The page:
"At a time when 10 million Americans are still out of work, or struggling to get the hours they need, Joe Biden through his legislation wants to give amnesty to 15 million illegal immigrants," Sen. Tom Cotton, R-Ark., told Fox News this week.
Former Trump Customs and Border Protection Commissioner Mark Morgan warned last month that mass legalization would only encourage illegal immigration in the years ahead.
"We've seen it again and again in history, that if you reward the behavior of those coming across illegally, it's going to keep happening," he told ABC News Live in December.
A Fox News survey of voters in the 2020 election found 71% believe most undocumented immigrants should be offered a chance to apply for legal status; 29% said they should be deported.
Most economists agree that mass deportation would be a blow to the economy, but the full impact of mass legalization is less clear. Many immigrants working in the U.S. are doing jobs that other Americans won't do. Thousands are essential workers; many are on the front lines fighting COVID-19.
"In the D.C. area, 20% of all construction workers are TPS recipients," said Abel Nunez, executive director of the Central American Resource Center, a nonprofit advocacy group in Washington. "They have been loyal employees that are a key to their success. They have been sort of in this temporary status now for close to 20 years. I think they've paid their dues."
The nonpartisan Congressional Budget Office said in a January 2020 analysis that legalizing more noncitizens would "expand the economy and boost tax revenue."
A 2018 study by the CATO Institute of countries that had legalized large numbers of undocumented workers, concluded the move could increase costs for some employers and in turn mean fewer jobs overall.
Still, more than 130 major American faith groups and businesses, including Apple, Walmart and Verizon, have thrown their support behind a legalization plan.
"They've been good people. Why (do) they have to go back if they have four, five, six, seven, eight, nine, 10 -- I know they had 20 some of them years living here, living with this fear," said Arbaiza, who is also a small business owner in the nation's capital. "I think that for me the better way is, you know, to let them (stay) here."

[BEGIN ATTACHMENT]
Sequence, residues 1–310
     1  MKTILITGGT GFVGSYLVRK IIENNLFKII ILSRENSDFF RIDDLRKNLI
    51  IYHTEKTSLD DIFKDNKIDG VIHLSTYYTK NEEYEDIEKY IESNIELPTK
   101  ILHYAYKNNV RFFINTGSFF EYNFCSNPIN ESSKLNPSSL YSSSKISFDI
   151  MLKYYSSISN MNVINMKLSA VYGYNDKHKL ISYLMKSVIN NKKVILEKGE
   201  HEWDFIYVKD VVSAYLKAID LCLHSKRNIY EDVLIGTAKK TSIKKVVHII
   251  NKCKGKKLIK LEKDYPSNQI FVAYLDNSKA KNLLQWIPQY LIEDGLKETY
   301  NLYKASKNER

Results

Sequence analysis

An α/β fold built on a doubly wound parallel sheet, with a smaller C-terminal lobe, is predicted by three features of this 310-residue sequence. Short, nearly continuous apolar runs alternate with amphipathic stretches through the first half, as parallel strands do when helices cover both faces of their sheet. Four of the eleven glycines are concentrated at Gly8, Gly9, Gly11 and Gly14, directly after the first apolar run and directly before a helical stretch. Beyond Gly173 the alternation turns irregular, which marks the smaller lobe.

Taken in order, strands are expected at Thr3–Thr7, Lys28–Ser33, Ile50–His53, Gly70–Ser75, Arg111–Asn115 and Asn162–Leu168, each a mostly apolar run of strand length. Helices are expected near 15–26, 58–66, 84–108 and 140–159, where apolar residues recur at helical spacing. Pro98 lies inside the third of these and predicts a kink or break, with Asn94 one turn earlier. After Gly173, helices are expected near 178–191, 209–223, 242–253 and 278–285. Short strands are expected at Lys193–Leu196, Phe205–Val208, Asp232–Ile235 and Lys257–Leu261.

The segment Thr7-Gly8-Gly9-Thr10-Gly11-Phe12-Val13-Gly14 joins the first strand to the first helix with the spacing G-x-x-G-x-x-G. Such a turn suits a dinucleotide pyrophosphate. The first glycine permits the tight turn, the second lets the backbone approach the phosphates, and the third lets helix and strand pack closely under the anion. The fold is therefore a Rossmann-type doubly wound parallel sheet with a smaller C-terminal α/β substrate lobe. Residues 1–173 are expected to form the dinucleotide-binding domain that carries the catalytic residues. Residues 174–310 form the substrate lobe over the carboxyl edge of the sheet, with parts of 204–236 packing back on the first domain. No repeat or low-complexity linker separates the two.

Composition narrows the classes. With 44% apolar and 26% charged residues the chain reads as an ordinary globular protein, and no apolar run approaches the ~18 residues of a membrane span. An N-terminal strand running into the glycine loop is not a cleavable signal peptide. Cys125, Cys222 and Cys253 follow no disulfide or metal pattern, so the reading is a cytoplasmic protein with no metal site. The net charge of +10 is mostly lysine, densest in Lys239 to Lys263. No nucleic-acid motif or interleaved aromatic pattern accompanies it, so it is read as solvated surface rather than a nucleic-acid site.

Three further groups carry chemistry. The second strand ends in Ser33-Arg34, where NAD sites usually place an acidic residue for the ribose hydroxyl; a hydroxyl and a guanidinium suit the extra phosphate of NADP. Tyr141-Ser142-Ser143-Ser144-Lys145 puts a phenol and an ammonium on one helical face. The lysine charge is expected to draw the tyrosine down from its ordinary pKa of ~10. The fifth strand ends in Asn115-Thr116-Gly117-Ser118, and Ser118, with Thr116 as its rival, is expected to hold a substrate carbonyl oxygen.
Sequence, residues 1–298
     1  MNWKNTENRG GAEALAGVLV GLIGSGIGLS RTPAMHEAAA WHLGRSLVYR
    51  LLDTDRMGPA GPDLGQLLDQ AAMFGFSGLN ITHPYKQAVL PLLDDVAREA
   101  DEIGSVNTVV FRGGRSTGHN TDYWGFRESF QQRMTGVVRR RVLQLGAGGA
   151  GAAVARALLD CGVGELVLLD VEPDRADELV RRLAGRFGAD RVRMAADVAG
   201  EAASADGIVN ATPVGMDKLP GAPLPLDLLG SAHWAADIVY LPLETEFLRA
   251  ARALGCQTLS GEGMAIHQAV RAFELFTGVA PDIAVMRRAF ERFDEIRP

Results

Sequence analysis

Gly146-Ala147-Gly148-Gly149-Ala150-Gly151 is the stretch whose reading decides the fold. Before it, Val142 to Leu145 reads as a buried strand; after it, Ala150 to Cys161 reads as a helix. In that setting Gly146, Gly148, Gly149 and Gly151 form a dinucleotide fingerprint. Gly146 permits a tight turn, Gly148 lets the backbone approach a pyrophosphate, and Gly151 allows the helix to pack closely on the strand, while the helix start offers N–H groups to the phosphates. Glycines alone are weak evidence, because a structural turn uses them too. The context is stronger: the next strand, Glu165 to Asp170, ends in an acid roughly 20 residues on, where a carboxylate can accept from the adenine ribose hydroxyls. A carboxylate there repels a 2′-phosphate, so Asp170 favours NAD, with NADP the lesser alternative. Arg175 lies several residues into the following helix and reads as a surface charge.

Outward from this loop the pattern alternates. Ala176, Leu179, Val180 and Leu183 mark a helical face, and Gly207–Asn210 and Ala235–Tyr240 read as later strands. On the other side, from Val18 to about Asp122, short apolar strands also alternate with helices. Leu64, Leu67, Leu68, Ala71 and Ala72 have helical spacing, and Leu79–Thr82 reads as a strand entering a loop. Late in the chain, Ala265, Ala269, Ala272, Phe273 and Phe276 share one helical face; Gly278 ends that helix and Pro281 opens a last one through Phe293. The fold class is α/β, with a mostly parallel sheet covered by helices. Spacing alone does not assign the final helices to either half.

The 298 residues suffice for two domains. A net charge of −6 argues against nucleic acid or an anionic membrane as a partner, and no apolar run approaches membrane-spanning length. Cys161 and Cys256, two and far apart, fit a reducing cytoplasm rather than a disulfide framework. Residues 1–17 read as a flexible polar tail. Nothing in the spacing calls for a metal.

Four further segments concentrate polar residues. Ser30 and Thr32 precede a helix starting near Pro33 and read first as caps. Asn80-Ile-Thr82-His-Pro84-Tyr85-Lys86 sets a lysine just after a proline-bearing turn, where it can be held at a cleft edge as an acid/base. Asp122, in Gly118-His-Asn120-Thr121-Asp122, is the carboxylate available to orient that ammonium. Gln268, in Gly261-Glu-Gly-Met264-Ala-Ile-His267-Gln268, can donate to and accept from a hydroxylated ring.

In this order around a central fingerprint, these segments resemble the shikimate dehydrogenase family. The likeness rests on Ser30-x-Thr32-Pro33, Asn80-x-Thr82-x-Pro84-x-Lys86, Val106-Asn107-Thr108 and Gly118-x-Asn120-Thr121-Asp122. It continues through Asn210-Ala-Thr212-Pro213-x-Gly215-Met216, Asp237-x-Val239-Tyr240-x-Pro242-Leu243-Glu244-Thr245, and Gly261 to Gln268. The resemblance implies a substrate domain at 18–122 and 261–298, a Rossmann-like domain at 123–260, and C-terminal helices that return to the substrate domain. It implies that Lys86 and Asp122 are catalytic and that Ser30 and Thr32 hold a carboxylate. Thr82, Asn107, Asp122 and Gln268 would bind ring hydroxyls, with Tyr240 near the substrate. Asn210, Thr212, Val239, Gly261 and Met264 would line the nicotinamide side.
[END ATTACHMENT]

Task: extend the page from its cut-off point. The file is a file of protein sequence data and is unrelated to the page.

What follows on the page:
Ten years ago, Obama's major push for immigration reform and a path to citizenship for millions of undocumented immigrants failed to pass in Congress. He was criticized for not fighting hard enough for and leaving office without a deal.
"Trying hard -- it's not enough," said Teresa Romero, president of the United Farm Workers, the first woman to lead the nation's first and largest agricultural union. "You know, we had been out there saying all or nothing, and we usually end up with nothing."
She said Biden now faces enormous pressure to deliver -- even if it's only piecemeal progress.
"We need to show our community that we are moving forward. That it's not going to be like what happened in 2013," Romero told ABC News. "I do believe he's going to fight for it."
Some advocates see a symbol of Biden's commitment front and center in the Oval Office, where behind the Resolute Desk sits prominently a bronze bust of civil rights leader and farm workers organizer Cesar Chavez.
"Having him there representing the immigrant community, the Hispanic community is just amazing," Romero said.
Meanwhile, millions of immigrant families like Arbaiza's are watching Biden closely from afar, hopeful he will keep his campaign promises for reform.
"After all these four years, you know, you have to have something in your mind to be different," she said. "I pray God every night not to be wrong to see changes. And I think he will do."